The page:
Lastminute.com eyes Middle East

LASTMINUTE.COM is considering a bid to tap into the Middle East’s tourism boom by establishing a regional presence.

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By  Richard Agnew Published  September 11, 2005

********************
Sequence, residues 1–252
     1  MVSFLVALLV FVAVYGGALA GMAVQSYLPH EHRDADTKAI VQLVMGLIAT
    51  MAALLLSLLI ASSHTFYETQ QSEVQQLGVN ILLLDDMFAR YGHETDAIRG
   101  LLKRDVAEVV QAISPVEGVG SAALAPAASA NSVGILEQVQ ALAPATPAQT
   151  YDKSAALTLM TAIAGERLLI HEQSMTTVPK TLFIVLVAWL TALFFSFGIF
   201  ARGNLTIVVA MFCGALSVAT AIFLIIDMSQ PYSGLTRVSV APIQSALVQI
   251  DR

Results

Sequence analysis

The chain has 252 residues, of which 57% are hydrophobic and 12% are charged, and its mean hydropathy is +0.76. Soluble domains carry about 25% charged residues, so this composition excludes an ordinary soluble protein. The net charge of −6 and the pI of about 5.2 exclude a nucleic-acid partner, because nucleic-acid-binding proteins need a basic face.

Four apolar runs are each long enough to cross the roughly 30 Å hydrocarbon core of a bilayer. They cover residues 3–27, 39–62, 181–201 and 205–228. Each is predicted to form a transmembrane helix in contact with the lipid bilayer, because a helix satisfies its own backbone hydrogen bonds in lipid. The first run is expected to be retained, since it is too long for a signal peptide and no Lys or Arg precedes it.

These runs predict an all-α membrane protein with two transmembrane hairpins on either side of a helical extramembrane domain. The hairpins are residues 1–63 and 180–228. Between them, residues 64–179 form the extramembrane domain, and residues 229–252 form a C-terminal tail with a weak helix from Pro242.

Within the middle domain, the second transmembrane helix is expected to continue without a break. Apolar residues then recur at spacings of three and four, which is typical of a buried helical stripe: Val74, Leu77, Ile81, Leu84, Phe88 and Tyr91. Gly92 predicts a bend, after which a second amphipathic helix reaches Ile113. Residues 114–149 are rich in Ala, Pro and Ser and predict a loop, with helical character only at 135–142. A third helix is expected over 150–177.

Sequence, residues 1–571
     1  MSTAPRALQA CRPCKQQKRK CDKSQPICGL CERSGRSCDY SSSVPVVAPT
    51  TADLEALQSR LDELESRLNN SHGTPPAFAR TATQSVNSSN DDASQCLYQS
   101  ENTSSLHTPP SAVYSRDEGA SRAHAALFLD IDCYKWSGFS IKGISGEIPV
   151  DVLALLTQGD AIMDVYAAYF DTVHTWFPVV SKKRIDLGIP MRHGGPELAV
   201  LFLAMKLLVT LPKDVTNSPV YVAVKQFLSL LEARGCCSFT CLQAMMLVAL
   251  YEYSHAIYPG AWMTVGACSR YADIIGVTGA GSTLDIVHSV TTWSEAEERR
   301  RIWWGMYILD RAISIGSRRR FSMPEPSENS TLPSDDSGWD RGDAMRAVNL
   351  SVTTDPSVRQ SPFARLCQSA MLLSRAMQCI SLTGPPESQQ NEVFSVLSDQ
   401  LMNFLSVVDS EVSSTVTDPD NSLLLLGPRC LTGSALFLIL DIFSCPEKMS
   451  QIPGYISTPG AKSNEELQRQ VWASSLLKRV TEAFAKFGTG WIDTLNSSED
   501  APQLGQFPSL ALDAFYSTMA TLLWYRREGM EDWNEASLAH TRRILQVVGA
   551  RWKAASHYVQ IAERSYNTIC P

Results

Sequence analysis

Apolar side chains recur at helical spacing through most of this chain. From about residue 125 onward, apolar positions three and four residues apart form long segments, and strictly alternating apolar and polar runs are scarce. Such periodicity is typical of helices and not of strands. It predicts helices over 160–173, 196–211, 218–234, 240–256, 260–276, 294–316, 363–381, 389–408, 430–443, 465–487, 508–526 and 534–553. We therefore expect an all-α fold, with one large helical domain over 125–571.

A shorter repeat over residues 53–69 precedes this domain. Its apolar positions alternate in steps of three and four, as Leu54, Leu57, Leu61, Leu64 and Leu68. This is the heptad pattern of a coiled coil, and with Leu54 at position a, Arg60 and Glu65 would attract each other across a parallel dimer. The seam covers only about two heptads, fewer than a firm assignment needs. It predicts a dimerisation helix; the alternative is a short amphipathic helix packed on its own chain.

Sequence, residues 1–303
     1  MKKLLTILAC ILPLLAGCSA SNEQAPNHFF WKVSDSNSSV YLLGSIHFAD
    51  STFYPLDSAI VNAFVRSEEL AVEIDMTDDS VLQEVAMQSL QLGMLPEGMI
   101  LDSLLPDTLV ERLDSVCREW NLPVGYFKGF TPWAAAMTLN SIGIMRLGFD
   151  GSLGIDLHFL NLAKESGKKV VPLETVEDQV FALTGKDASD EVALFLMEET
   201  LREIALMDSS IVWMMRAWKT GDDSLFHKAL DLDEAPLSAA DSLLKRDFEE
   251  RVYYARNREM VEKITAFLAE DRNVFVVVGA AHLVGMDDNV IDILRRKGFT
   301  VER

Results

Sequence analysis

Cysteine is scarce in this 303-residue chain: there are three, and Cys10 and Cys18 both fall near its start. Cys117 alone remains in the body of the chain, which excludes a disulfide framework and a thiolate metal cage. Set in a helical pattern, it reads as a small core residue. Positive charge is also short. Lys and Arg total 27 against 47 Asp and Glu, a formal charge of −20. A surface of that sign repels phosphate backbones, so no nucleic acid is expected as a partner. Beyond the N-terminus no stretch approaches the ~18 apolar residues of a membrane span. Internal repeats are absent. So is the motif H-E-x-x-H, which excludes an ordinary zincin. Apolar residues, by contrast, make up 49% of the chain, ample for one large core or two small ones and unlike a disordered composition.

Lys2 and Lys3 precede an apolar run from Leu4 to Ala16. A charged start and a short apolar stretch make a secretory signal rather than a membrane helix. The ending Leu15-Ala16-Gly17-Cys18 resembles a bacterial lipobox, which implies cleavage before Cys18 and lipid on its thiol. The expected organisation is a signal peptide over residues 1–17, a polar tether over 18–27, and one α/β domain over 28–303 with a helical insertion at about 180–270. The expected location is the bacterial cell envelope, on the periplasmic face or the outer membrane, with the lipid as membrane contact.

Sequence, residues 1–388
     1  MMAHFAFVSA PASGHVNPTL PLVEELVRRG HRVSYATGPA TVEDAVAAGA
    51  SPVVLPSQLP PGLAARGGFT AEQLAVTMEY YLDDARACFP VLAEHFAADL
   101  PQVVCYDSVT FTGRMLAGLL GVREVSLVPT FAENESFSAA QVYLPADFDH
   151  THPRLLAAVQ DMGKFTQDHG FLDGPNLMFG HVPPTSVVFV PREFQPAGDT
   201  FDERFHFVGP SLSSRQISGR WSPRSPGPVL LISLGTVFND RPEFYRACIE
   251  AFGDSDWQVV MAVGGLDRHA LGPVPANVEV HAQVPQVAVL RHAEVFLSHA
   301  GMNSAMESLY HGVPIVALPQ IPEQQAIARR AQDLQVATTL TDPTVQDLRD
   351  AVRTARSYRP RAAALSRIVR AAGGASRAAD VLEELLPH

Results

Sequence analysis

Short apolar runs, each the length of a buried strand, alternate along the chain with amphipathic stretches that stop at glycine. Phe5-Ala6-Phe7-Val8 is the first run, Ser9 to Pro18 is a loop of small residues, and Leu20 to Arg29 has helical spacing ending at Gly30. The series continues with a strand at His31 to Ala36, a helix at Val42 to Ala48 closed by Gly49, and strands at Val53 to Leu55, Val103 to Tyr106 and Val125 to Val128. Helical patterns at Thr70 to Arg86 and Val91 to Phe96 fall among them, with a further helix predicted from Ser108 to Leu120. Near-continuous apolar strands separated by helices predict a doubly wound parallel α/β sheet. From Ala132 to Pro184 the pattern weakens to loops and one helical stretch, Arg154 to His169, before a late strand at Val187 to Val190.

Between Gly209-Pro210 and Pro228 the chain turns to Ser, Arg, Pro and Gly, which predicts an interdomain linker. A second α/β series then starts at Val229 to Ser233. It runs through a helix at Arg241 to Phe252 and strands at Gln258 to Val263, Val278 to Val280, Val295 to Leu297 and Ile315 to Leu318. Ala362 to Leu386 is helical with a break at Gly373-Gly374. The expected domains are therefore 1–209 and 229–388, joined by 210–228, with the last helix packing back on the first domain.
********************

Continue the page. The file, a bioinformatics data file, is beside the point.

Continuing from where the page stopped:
The late travel and leisure deal retailer is experiencing growth in web bookings from the Arab World and has already set up an office in Dubai for its car rental division, Holiday Autos. The creation of a regional sales and marketing team would allow it to promote its full range of services to Middle Eastern consumers, as well as develop relationships with local airlines and hotels. “There is an opportunity for lastminute.com,” said Nazar Musa, managing director of Holiday Autos Middle East and a consultant for the lastminute group. “There is this period before people will start to book holidays properly online, but something should happen in the next 12 months,” he added. The move comes in reponse to increasing usage of the firm’s site to book leisure services by regional consumers when they are travelling to Europe. Lastminute’s partners are also using its portal to sell regional inventory — Hilton International, for example, says it has generated several thousand bookings in the Middle East after inking a deal with the group in 2004. “We can track purchases by IP address and physical address and there is some purchasing that happens here [in the Middle East],” added Musa. “It’s things like theatre products and football tickets in London, for people living here in the Middle East.” The region’s hotel groups are also now increasingly looking to the web as a marketing tool and distribution channel, despite consumers’ initially slow adoption of the internet for bookings. Hilton is planning to run e-marketing campaigns this year for its Middle Eastern hotels and eventually launch dedicated sites for its main Arab markets. “We are all very keen to drive online business,” said Guy Epsom, regional sales and marketing director for Hilton. “We have not yet got an Arabic site, but that will come in the future.” Lastminute, one of the foremost European internet brands and a media darling of the dotcom boom in the late 1990s, was acquired by the Texas-based travel company Sabre Holdings earlier this year for around US$1 billion. As well as short-notice flight and hotel deals, it offers bookings for various lifestyle services such as theatres, concerts, travel insurance and restaurants. Although Musa said that the company is now purely focusing on the Holiday Autos business in the Middle East, he said there are also untapped opportunities in the region for Sabre’s other online travel brands, including Site59 and Travelocity. Sabre also created a sales and distribution joint venture with Bahrain-based Gulf Air last year.

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